Off-campus South Dakota State University users: To download campus access theses, please use the following link to log into our proxy server with your South Dakota State University ID and password.

Non-South Dakota State University users: Please talk to your librarian about requesting this thesis through interlibrary loan.

Document Type

Thesis - University Access Only

Award Date


Degree Name

Master of Science (MS)

Department / School

Wildlife and Fisheries Science

First Advisor

W. Carter Johnson


Blue jays (Cyanocitta cristata L.) are important predators on and dispersers of nuts of oaks and other Fagaceous trees in eastern North America. Acorns comprise much of the jay diet (Beal 1896), especially during the autumn months when jays may consume or cache a significant portion of an acorn crop. However, jays do not appear to possess physiological adaptations for countering the protein-binding properties of secondary compounds (tannins) found in the acorns of many oak species. I examined responses by blue jays to a mixture of infested and uninfested pin oak (Ouercus palustris Muenchh.) acorns to see if jays selectively consumed nuts containing weevil larvae (Curculio) as a protein supplement to a high-tannin, all-acorn diet (see Johnson et al. 1993. Oecologia 94:159-164). I also tested whether overwinter caching reduced tannin levels in northern red oak (Quercus rubra L.) and bur oak (Ouercus macrocarpa Michx.) acorns, making them more digestible to the jays. Acorns were X-rayed to determine infestation status and then offered to individual jays in an aviary setting. Jays handled and consumed non-infested nuts significantly more often than infested nuts, and proportional use of infested nuts did not increase during continued exposure to a high tannin diet. Acorns in simulated caches did not differ significantly in tannin level from uncached acorns, and jays lost body mass rapidly on both cached and uncached acorn diets. Thus, my results were not consistent with my original hypotheses: jays did not make extensive use of weevil-infested nuts and caching did not appear to improve the quality of an all-acorn diet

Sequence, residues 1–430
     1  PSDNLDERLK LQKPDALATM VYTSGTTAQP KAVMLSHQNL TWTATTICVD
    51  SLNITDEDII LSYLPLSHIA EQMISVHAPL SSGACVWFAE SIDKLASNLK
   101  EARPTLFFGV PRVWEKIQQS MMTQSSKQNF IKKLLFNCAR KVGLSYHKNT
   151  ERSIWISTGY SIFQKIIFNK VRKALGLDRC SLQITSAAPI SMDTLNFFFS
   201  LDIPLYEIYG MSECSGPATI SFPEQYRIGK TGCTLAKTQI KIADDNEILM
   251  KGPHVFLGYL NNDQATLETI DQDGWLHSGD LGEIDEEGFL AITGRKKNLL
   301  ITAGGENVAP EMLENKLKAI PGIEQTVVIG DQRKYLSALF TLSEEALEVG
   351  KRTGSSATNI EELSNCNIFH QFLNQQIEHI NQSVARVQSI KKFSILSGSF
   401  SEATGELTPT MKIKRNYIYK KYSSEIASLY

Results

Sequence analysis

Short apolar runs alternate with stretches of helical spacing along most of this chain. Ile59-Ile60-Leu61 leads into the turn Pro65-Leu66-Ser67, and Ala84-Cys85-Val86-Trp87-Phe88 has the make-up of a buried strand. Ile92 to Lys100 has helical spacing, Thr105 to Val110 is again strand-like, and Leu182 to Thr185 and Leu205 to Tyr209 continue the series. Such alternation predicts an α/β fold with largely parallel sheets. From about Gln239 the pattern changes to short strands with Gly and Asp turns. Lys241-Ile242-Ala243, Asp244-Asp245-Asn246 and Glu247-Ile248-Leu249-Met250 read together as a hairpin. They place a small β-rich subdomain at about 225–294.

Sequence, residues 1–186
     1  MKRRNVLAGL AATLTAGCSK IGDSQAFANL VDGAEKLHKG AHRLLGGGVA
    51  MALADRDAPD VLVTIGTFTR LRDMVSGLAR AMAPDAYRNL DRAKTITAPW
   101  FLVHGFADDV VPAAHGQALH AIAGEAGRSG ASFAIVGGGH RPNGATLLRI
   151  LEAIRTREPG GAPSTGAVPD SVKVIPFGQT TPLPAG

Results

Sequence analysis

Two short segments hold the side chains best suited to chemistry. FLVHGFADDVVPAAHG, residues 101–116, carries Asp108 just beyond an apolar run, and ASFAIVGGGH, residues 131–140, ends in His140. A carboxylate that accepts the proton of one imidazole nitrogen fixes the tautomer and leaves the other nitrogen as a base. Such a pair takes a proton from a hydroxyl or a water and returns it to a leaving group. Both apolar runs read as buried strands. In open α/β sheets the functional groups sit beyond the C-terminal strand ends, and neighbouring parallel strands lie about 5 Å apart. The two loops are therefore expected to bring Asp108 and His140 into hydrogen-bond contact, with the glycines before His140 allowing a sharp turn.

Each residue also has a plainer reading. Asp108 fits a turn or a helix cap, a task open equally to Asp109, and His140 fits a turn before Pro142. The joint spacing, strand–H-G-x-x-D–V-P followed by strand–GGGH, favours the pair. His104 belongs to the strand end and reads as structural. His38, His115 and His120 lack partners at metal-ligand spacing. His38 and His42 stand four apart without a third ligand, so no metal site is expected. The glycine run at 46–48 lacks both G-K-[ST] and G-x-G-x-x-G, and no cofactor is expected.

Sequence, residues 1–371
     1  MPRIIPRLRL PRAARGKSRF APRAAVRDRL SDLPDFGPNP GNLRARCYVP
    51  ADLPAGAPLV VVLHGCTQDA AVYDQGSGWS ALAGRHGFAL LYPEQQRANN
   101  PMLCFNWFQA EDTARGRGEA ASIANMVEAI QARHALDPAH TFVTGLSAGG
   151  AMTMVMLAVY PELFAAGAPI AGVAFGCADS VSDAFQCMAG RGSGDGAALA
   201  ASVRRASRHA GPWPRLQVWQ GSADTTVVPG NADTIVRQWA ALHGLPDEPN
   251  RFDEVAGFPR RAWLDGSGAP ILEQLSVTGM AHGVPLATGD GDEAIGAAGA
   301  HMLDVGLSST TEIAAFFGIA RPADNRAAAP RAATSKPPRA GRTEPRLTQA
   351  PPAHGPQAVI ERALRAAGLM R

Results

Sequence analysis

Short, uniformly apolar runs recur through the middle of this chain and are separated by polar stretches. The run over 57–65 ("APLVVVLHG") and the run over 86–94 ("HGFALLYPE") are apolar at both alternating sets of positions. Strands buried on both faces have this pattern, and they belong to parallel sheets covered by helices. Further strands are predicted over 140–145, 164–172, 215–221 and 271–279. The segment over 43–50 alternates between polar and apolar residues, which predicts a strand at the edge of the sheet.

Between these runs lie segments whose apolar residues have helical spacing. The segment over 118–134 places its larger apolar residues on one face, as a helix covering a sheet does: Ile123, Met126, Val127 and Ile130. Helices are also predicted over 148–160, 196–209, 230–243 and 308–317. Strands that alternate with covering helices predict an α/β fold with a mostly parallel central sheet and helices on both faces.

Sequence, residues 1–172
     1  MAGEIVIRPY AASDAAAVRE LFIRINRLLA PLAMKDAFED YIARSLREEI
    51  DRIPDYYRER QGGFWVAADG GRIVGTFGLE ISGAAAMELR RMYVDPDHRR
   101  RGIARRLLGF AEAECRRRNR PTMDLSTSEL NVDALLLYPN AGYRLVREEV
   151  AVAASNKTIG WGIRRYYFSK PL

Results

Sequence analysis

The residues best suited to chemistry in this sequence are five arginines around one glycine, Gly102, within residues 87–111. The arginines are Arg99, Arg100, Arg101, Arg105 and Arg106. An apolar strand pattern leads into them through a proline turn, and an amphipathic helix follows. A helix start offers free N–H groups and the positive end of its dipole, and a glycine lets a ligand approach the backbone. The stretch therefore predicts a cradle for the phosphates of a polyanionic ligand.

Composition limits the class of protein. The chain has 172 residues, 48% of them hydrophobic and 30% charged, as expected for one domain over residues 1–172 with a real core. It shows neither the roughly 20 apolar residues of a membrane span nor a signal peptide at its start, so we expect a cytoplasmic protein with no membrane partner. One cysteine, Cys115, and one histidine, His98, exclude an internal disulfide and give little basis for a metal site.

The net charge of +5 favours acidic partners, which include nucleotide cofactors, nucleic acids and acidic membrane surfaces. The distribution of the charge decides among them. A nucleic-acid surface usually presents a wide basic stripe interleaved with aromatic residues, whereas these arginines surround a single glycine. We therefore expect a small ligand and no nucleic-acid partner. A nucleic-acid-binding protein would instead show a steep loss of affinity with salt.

Library of Congress Subject Headings

Blue jay--Nutrition--Requirements
Acorns as food
Protein binding


Includes bibliographical references (pages 92-98)



Number of Pages



South Dakota State University


Copyright © 1994 Mark Dixon. All rights reserved.